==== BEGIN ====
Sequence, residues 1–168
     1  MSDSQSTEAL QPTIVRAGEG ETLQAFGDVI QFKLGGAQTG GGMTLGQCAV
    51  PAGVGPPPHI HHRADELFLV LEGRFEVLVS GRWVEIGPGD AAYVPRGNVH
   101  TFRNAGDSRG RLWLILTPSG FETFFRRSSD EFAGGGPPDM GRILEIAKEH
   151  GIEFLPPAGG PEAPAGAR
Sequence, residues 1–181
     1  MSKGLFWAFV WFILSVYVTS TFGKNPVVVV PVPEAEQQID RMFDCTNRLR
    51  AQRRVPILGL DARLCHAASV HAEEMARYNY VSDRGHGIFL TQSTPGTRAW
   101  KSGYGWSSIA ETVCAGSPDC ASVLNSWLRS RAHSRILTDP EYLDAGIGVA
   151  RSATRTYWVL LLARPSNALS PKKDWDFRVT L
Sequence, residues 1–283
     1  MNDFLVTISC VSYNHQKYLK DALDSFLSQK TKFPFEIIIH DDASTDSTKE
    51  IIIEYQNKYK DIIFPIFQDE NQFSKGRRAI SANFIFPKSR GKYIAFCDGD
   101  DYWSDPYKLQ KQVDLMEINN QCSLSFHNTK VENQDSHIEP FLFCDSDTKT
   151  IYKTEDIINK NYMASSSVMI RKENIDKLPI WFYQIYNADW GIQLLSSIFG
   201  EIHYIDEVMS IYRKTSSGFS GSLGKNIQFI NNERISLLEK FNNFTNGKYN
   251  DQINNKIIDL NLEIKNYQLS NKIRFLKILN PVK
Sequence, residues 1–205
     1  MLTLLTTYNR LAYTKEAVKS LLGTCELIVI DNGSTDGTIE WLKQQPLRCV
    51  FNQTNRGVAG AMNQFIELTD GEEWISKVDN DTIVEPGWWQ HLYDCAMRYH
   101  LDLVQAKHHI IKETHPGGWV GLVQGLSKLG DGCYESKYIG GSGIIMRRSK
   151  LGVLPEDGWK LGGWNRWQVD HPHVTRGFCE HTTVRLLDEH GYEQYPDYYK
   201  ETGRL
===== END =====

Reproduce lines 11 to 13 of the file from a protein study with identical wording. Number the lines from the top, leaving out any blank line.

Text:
Sequence, residues 1–283
     1  MNDFLVTISC VSYNHQKYLK DALDSFLSQK TKFPFEIIIH DDASTDSTKE
    51  IIIEYQNKYK DIIFPIFQDE NQFSKGRRAI SANFIFPKSR GKYIAFCDGD